IU: Can other teams, such as my hometown Pittsburgh Pirates, emulate the “Yankee way” or model, if you will, or does it simply come down to money?
Cashman: No, the markets are different. I think to emulate the Yankee model you have to be in a pretty significant market. I know the Red Sox have emulated the Yankee model, but there are some other teams such as the Philadelphia Phillies. I’m not sure what the difference between the city of Philadelphia and the city of Pittsburgh is, but Philadelphia is turning into a behemoth financial stronghold here in the National League East as well as in all of baseball with their contract commitments and their success. They built the new ballpark, had World Series appearances and won a recent World Series as well. As you may recall, we were able to beat them the second time when they were in the World Series here recently.
I do think that they have to take a different path, but I think there are a lot of organizations that have shown there are different ways to climb that mountain. Those franchises that have exceeded the expectations for the markets they are in, have maintained consistency and success for quite some time. For instance, in Minnesota’s [Twins] case, they have jumped classes, so to speak, if there were a lower class, a middle class and upper class. Maybe they went from the small class to the middle class. They’ve got a brand new ballpark and I’m sure revenue streams jumped because of it. That’s credit to their longstanding, consistent road to winning and consistency that they have stuck to.
Cashman (cont’d.): There are different ways to execute a baseball model, and ultimately the Yankees have, like many franchises, maybe an extra tool in the toolbox of consistency and utilizing the financial markets to their advantages because of the market we play in. But at the same time, a number of basic labor agreements have targeted the upper markets to reel them in and hold them back, and they have done that over the last number of years, and it’s been very successful.
For instance, there’s revenue sharing. There is the luxury-tax penalty if you’re over a certain amount of payroll. And it certainly has affected how we do business as well as others. So, I think [Commissioner] Bud Selig needs to be congratulated. He has equalized the playing field in many respects. It’s not totally perfect and it never can be, because obviously you have Toronto Blue Jays constraints dealing in Canada and the dollar, and their issues are different than maybe other clubs. But at the same time, I think everybody does have a real opportunity to compete and qualify for a championship ring.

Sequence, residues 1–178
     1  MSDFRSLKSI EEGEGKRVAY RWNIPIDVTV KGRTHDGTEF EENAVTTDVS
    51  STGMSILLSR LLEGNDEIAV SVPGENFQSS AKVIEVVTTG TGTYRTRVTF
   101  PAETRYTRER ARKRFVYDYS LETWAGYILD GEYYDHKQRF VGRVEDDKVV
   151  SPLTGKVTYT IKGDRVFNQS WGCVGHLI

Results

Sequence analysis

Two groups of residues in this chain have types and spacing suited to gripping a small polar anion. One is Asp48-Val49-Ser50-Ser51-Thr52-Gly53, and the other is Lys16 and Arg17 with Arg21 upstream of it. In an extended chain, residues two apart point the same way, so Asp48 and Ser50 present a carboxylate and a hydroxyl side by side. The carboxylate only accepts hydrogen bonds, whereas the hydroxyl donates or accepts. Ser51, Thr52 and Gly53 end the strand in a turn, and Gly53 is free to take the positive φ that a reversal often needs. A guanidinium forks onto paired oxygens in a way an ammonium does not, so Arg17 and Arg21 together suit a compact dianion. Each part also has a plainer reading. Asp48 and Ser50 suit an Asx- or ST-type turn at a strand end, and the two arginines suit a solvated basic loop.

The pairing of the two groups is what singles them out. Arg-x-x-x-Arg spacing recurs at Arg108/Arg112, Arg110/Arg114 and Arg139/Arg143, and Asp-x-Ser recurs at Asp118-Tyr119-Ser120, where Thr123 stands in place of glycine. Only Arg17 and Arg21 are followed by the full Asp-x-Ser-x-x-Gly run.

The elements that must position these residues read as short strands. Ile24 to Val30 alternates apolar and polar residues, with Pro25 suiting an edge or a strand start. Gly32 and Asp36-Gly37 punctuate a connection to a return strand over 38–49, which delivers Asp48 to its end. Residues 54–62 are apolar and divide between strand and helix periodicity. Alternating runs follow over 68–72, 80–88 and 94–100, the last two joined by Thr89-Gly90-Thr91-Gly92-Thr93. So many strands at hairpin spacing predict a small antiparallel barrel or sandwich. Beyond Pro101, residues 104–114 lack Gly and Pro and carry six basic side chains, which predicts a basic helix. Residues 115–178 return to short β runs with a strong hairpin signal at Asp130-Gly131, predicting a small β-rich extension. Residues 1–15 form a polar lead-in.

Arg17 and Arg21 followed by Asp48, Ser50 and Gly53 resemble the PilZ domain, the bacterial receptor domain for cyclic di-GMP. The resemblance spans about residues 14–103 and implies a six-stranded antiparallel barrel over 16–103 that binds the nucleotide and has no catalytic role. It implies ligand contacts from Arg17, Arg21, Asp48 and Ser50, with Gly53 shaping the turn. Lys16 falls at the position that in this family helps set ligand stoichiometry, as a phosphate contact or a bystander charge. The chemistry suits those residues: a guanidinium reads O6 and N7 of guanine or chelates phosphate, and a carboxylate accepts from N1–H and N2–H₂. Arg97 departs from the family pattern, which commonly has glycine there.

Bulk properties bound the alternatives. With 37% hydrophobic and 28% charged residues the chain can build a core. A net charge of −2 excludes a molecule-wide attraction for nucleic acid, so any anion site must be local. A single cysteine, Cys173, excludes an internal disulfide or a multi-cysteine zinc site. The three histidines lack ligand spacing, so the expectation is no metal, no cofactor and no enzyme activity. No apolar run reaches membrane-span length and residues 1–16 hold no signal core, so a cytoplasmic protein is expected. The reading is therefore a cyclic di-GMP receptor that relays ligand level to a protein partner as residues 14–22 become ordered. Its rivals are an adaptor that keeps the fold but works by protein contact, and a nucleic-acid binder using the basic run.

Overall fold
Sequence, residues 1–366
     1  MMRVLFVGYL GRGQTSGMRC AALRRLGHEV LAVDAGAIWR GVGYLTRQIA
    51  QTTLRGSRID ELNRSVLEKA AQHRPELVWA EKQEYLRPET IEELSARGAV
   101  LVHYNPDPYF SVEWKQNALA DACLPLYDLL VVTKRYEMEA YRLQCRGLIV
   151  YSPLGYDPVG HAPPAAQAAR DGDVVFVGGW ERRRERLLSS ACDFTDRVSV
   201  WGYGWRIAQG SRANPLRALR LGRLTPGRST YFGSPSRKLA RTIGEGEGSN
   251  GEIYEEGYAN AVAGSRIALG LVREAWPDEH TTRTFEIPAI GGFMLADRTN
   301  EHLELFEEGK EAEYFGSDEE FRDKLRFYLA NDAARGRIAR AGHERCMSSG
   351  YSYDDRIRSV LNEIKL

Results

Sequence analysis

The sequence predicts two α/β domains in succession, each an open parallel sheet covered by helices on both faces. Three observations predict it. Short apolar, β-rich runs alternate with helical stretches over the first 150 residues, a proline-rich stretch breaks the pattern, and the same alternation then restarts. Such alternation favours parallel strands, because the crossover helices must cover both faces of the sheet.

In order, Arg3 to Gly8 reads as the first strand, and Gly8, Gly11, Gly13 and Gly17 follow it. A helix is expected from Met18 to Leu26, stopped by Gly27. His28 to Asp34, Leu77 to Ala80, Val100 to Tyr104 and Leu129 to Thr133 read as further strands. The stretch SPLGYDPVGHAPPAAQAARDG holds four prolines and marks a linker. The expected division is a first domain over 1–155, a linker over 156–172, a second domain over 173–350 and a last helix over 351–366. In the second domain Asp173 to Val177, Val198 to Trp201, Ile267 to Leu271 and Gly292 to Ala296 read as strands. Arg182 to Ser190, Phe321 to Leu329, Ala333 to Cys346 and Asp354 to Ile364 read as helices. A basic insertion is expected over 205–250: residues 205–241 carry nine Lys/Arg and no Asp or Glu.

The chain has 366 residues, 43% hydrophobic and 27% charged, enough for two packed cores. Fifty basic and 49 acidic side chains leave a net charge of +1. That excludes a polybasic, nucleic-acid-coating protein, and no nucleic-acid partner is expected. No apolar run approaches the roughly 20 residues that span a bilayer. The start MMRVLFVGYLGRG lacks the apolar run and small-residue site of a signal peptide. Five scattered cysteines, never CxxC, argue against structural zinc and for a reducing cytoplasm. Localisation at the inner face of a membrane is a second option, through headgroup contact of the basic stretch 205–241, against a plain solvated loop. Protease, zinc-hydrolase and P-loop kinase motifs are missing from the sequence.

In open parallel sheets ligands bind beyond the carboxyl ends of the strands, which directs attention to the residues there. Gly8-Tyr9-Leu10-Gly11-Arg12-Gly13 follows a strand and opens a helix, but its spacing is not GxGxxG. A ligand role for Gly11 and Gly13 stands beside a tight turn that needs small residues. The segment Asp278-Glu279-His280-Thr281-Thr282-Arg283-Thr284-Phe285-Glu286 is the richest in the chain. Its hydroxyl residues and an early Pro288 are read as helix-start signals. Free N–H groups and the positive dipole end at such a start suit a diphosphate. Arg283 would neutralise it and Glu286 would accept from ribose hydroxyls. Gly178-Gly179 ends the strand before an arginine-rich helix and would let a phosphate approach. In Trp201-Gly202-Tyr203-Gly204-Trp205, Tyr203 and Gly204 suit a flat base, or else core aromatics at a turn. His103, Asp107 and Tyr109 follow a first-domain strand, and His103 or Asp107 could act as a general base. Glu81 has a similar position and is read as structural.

IU: With investments, a lot of times people have the right idea, but either the investment doesn’t click and they run out of money, or they give up on the idea only to see two days later their idea actually succeed. In that similar vein, in terms of trading players or keeping players, is there a player you would care to speak to that maybe you traded too early and then you saw him blossom on another team? And conversely, is there a player that maybe you held onto too long?
Cashman: Mike Lowell is a player that has now since retired, but he was a New York Yankee well before he was a World Champion Marlin and then eventually a World Champion Red Sox. Mike Lowell was a third baseman at our Columbus Clipper minor-league affiliate. We won the World Series in ’98 with Scott Brosius as our third baseman, and he was a World Series MVP, so we signed Scott Brosius to a three-year contract, which kind of put the nail in Mike Lowell’s coffin with the Yankees at that time.
So we took the depth of that position of strength for us at third base in Mike Lowell and we traded him to the Marlins for three young starting pitchers that would shore up an area of weakness for this franchise. And Mike really turned into a heck of a player over the next 10 to 15 years after that and helped the Marlins to a World Series title. He eventually got traded to the Red Sox and helped them to two World Series titles. And he is one of the game’s quality people and great players. Scott Brosius was a fantastic thrust for our championship runs and he was a world champion I don’t know how many times over, three times over probably, but that was a player we traded too early or I traded too early.
Which player did I trade too late? There are probably a number of them that I could name, and I say “a number of them” because when it’s too late, you can’t trade them. So, especially with the investment that we have in our players, once one of these guys with a big contract goes on the wrong side of the mountain, then it’s kind of too late to trade them, because no one is going to want them.
Smart beta isn’t smarter than cap weighting, but it is different, and that’s great for investors.
Trial by fire is one way to discover why ETF transparency matters.
Most people now realize leveraged ETFs can hurt you, but how, then, to use them?
What would a shift out of a mutual fund and into an ETF look like up close?